The Practice Game_ Part 1

Put Me In Coach... Im Ready to Play

Do you recall this catchy kid's tune? It has too often become the resounding theme of many youth ministers (or so called) of our churches today. Youth ministry has been used as a stepping stone until “real ministry” happens. It’s like a transitional time until the person can become a “real” pastor. I call it, “The Practice Game” mentality. IF THAT IS YOUR GOAL, THEN YOU ARE NOT A YOUTH PASTOR. Skip it and give the youth the privilege of having someone work in their lives because they have a passion for it, not as a rung in their ladder to success.

One of the reasons that youth ministries struggle so much with leadership and consistency is because so many youth pastors walk away from youth ministry in their early thirties taking years of experience with them. The misconception is that if you are going to be a youth pastor you have to be young but youth ministry is not restricted by age. I have met some fantastic youth pastors in their 40’s and 50’s and some young youth pastors that didn’t have a clue. I place myself in this last category often... having no clue, but extremely thankful for the mentors in my life that do.

If you are just starting out in youth ministry, find a couple of youth pastors that have been serving for years and connect with them. Your drive and willingness to take risks as a young person is an amazing asset to the youth ministry you are working with. The wisdom of veterans will be a great asset and balance to you. I have often called upon my mentors in great times of distress, discouragement, and confusion. I implore each young or old, new and experienced minister of students to seek out mentors and elders for your “corner”. If you have been in youth ministry for a while you should take an inventory of those around you. Are there any people that you have mentored? Are you connected with the next generation of leaders? If not you should reevaluate your core ministry goal. Why are you doing this?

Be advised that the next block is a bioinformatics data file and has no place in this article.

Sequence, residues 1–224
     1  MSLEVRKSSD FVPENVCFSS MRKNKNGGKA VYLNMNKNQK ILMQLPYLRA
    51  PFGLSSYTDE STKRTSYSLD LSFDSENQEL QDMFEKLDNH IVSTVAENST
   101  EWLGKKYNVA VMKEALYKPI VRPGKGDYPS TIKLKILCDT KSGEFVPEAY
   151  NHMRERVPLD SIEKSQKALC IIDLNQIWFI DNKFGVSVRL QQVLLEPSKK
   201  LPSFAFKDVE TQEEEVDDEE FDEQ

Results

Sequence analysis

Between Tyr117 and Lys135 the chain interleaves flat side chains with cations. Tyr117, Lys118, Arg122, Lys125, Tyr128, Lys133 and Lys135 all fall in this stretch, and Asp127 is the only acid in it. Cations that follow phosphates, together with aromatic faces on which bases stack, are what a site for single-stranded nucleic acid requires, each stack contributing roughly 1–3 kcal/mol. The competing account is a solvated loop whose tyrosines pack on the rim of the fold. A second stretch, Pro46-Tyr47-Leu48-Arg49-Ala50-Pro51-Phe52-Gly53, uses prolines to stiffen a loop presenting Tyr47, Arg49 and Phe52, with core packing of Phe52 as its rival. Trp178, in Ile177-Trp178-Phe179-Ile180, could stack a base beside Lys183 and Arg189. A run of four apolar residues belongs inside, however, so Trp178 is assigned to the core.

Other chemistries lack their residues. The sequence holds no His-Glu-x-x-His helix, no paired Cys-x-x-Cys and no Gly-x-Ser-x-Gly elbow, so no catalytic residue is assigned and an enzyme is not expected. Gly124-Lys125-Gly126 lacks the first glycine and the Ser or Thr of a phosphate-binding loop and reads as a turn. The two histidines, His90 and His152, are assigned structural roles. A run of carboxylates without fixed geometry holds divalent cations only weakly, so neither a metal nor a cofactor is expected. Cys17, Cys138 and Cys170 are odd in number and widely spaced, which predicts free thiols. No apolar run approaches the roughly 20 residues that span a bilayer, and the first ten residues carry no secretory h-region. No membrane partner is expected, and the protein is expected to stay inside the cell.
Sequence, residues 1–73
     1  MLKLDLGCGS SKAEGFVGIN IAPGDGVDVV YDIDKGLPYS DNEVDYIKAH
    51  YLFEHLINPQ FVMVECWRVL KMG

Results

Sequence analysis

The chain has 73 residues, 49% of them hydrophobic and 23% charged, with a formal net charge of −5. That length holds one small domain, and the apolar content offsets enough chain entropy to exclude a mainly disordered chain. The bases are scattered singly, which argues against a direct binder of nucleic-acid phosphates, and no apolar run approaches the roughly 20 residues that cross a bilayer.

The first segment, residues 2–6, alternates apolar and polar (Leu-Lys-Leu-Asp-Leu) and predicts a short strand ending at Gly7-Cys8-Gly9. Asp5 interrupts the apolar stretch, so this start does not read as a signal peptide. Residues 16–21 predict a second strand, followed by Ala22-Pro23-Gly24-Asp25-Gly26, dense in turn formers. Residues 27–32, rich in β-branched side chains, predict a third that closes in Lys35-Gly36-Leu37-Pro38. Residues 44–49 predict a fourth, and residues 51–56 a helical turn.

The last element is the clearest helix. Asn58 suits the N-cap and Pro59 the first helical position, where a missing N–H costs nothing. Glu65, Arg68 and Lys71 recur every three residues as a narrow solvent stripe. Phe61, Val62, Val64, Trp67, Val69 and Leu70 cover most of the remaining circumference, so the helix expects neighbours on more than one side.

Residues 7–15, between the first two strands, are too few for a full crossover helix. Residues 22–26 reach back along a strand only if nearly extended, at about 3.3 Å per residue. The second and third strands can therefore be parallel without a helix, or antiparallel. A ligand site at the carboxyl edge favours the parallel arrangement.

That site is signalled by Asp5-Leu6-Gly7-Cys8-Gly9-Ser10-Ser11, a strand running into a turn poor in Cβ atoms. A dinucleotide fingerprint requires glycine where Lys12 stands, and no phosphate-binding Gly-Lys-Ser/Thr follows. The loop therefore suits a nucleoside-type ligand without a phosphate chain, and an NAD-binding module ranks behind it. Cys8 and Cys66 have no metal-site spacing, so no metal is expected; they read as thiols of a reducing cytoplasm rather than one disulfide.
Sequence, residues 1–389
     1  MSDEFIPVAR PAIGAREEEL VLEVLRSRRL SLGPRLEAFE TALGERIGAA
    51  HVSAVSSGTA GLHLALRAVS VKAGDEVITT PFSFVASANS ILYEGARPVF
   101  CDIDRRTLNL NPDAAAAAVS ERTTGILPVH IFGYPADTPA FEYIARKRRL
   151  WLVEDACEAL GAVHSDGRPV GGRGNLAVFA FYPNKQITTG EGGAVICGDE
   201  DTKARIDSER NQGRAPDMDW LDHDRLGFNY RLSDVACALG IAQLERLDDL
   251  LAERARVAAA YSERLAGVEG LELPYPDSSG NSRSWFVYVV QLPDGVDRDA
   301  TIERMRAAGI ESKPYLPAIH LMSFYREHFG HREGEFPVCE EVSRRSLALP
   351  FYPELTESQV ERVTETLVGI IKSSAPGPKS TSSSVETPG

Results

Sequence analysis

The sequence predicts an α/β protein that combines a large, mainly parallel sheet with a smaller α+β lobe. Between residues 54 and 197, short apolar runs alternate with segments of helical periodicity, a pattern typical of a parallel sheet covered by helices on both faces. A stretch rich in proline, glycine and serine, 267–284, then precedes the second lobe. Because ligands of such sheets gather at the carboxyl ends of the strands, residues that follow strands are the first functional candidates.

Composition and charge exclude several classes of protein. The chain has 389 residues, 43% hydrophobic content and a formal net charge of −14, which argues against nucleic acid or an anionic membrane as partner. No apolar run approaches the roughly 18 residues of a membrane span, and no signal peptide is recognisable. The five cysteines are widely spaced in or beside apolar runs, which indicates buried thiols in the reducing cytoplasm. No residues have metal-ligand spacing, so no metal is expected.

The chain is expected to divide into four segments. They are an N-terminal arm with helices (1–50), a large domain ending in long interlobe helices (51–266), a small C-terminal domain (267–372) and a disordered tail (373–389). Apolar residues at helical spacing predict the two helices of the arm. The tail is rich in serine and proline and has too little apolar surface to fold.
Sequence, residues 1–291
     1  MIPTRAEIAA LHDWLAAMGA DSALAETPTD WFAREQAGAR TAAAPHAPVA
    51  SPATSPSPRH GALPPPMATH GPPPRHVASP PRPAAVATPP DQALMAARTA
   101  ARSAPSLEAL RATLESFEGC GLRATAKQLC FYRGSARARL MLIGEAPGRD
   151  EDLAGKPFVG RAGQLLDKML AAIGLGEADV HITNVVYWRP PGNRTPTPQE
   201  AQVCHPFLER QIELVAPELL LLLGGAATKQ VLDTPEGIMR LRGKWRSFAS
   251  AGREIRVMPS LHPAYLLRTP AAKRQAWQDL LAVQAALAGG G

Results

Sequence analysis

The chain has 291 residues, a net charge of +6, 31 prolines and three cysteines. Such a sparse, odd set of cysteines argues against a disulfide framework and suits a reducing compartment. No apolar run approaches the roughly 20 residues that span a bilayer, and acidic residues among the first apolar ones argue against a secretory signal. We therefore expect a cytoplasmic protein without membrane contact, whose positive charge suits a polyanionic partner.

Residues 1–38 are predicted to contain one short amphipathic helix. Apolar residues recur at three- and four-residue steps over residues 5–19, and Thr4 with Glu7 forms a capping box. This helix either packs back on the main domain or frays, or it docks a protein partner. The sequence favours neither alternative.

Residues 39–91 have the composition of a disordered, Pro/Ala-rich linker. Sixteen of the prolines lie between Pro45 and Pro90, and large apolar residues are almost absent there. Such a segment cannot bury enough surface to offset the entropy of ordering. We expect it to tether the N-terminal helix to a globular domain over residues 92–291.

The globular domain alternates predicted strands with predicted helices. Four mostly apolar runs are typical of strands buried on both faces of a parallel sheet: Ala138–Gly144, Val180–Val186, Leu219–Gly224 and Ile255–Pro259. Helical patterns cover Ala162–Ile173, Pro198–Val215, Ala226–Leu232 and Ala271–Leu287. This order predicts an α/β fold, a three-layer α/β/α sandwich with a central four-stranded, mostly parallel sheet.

Establish an Identity.

One of the most important, if not the most important thing for a teen and/or young adult is identity. A foundational part of developing a solid and vibrant youth ministry is to create an identity for your youth group. This can be tricky because we have bought into the idea that youth ministry is basically about slick marketing and advertising savvy.

If you hire somebody to design a good logo, or come up with a catchy name you have not developed identity. You have developed a brand.

Branding is good and it can be important, but it’s not the same thing as identity. Kids don’t wear a certain brand because of the name or the logo, they wear it because it means something, and something they can and/or are willing to “identify” with. The brand and logo are secondary to this more important concept: What does your youth ministry “mean”?

Define the ministry not in terms of cool graphics, catchy slogans or nifty logos, but in terms of purpose, value, cultural significance, and community. Is what the name and brand embody big enough? If you boil it all down is their something significant about what your youth ministry is doing other than creating an audience for you to speak to or a large number of teens gathered for bragging rights by you or the congregation you’re a part of?

What difference would it make in his/her life or world if a teen decided to buy into your concept? It’s got to be about more than coming to your church. If Christianity is about going to church it’s not about much.

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